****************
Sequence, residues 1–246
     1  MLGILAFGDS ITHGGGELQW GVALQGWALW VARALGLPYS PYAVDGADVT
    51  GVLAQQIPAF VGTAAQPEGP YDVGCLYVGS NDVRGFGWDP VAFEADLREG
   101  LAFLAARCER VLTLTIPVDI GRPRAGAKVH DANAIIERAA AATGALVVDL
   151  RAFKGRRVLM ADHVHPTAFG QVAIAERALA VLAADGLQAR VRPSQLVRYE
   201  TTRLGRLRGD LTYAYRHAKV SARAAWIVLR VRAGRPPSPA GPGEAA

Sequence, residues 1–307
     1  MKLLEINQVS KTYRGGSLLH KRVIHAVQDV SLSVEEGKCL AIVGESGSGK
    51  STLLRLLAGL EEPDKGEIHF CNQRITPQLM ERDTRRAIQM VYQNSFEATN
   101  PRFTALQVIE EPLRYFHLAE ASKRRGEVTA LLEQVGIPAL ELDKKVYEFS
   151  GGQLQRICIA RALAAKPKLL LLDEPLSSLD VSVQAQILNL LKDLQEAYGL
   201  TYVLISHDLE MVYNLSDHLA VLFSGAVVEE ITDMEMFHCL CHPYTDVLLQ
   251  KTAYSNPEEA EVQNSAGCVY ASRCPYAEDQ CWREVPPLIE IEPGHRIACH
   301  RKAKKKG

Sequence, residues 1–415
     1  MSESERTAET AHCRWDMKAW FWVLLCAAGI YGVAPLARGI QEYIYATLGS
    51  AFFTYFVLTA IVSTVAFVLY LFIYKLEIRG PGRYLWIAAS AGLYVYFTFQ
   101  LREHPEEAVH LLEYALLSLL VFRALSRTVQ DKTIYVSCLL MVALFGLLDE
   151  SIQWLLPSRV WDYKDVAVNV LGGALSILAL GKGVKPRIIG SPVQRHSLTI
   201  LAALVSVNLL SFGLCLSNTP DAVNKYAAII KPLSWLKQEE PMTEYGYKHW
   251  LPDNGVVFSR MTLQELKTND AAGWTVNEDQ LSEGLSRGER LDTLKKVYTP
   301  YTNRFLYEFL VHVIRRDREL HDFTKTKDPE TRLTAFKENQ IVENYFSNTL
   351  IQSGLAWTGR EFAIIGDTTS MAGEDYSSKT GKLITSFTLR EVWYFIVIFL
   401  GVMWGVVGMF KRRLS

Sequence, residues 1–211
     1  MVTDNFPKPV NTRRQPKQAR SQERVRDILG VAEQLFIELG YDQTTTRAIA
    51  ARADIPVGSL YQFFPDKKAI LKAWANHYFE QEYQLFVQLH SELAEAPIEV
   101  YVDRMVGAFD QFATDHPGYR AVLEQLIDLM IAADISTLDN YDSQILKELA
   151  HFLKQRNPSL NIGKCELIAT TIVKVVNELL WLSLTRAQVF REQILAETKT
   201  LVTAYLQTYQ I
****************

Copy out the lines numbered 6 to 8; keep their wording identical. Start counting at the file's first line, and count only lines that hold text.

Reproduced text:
   201  TTRLGRLRGD LTYAYRHAKV SARAAWIVLR VRAGRPPSPA GPGEAA

Sequence, residues 1–307
     1  MKLLEINQVS KTYRGGSLLH KRVIHAVQDV SLSVEEGKCL AIVGESGSGK